Last Updated on September 15, 2020
It’s not uncommon for symptoms of digestive enzymes deficiency to start gradually. Maybe it comes with bloating and gas, or some constipation and diarrhea. At some point other symptoms may join the fray and people find themselves seeking assistance from their doctor. By then, the symptoms have been present for a long time and doctors often prescribe medications. But, in many cases, the drugs only suppress symptoms. The underlying cause remains active, and more symptoms surface, which can come along with more medication. It’s a vicious cycle.
If you have a digestive enzyme deficiency and it continues without correction, a lot more problems can surface. This is particularly true if you aren’t eating a healthy diet and have a stressful lifestyle. It’s estimated that up to 60% of people with a digestive enzyme deficiency end up with small intestine bacterial overgrowth (SIBO). About half the people I see with an enzyme deficiency also have Candida overgrowth in their gut. They may also have problems with other yeast, such as trichosporon.
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You may notice that there are certain foods you can’t eat without getting a reaction. It could be parsnip, pumpkin, baked potato, avocado, or any one of several foods that have been a part of your diet for years. You find yourself getting bloating, gas, crampy abdominal pain, and greasy, foul-smelling stool after eating. These are all symptoms of pancreatic insufficiency and digestive enzyme deficiency.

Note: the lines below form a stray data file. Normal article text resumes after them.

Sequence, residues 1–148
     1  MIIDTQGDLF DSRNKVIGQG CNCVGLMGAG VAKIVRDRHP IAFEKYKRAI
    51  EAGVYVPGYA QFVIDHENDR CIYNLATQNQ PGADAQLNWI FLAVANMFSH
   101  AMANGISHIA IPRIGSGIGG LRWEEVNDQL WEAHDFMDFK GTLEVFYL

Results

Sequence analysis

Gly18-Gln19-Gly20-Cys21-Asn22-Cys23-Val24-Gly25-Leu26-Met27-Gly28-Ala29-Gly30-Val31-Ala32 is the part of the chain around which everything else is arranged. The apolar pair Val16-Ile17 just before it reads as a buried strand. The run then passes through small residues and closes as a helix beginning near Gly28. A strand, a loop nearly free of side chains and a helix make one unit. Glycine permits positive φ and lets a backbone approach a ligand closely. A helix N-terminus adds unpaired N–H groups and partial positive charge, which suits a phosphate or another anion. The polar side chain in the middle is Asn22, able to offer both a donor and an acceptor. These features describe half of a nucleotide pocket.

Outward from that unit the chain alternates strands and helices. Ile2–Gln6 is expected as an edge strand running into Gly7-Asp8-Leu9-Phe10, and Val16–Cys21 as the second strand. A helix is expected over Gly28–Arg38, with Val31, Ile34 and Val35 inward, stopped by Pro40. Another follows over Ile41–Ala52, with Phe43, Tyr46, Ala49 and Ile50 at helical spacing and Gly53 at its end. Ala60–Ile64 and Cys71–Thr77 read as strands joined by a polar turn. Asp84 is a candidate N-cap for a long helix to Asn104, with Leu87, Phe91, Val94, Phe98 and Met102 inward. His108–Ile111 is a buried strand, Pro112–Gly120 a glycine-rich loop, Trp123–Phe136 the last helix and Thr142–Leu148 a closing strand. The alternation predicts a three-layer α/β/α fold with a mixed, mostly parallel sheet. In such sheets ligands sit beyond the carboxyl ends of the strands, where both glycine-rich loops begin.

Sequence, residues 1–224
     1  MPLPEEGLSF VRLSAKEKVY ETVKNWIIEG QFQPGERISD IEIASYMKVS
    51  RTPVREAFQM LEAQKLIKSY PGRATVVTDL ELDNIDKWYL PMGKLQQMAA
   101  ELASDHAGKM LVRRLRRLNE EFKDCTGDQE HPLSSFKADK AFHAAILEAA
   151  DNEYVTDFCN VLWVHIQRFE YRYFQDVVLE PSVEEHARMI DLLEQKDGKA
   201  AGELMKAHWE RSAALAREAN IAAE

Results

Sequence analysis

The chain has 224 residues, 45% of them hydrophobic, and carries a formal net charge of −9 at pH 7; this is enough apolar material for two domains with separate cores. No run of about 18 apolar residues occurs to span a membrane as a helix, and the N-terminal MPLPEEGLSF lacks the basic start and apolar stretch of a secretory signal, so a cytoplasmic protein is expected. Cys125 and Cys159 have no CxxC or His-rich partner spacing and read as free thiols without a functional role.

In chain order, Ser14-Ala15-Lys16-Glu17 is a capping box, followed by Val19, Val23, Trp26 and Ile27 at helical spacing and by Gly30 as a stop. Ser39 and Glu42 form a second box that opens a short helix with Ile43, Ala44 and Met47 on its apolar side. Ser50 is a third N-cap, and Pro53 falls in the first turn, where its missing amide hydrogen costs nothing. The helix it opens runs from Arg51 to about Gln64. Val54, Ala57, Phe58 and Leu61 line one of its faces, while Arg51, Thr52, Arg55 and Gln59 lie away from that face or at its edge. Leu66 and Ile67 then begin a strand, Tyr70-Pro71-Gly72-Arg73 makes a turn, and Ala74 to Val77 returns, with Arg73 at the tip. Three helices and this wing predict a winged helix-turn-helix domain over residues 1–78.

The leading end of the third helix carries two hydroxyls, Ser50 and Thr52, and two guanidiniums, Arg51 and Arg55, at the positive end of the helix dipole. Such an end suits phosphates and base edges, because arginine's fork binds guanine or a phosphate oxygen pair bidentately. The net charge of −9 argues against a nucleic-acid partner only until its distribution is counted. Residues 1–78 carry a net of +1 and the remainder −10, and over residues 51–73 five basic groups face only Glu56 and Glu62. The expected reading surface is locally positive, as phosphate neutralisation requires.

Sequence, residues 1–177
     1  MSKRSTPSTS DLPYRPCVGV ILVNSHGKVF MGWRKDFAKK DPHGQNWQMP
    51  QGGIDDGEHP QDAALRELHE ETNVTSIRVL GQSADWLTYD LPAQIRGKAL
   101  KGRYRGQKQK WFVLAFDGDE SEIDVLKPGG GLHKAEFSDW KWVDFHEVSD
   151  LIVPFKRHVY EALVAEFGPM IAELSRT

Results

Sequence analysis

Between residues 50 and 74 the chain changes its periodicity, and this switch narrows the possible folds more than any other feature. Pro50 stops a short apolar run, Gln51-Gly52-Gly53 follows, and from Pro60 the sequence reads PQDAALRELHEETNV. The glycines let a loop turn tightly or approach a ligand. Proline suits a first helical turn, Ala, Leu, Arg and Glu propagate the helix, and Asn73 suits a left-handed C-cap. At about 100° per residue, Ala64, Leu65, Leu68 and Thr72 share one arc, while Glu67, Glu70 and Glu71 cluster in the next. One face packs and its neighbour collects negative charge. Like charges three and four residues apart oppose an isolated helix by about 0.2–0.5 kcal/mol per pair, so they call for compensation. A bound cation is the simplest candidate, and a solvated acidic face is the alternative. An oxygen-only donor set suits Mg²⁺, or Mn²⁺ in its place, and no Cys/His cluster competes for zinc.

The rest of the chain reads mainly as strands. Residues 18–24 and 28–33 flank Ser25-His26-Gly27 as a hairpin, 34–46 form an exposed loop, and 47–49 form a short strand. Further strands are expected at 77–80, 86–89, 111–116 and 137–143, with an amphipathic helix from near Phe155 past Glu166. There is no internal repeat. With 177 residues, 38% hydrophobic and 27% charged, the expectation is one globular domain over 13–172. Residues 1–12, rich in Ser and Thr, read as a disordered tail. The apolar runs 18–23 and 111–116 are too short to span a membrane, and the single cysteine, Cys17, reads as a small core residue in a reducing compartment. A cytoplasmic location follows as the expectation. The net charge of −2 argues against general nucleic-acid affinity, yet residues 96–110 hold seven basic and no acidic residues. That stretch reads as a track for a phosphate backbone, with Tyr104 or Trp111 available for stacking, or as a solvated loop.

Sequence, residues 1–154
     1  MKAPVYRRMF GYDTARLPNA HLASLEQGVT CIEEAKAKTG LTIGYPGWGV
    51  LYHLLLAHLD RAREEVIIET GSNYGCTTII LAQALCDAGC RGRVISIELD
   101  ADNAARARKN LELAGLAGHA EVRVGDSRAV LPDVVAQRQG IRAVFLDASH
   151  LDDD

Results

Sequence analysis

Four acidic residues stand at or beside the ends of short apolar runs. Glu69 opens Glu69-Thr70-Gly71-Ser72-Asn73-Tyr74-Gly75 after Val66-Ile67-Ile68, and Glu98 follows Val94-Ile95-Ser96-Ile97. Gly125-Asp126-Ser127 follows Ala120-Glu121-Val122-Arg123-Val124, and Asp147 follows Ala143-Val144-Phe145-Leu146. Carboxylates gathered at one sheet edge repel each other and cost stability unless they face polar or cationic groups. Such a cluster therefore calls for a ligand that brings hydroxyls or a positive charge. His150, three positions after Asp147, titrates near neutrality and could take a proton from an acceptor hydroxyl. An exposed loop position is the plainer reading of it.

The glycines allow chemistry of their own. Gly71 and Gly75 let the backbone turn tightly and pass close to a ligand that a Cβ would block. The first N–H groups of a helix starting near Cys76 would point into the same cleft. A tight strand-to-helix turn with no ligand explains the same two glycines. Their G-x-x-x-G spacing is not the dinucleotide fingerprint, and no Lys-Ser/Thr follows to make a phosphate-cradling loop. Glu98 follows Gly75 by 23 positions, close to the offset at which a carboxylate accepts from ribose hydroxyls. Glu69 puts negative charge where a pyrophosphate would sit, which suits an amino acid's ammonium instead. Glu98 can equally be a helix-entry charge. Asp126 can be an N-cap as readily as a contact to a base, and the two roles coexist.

A lack of digestive enzymes can eventually result in a leaky gut as well as immune-mediated reactions to certain foods. These immune-mediated responses are often mounted against proteins as they are broken down into amino acids. The result can be itchy skin, eczema, dandruff, and a variety of other problems with the skin.
Over half of psoriasis cases are triggered by a yeast infection. Lots of people with dermatitis and eczema have had campylobacter or food poisoning. Many people get skin problems from antibiotics because this class of drugs does so much damage to the gut. Antibiotics can increase intestinal permeability, trigger antigen/antibody response, and decimate the beneficial bacteria in your gut. Skin problems are just one of the results of the damage done by antibiotics.
If you’ve got a skin problem, go see your naturopathic physician or integrated medical doctor, and get a comprehensive stool test done. You’ll be stunned to find it could well be different yeasts or SIBO-related bacteria that are causing your skin issues. Once these gut problems are cleared up, the skin problem often disappears.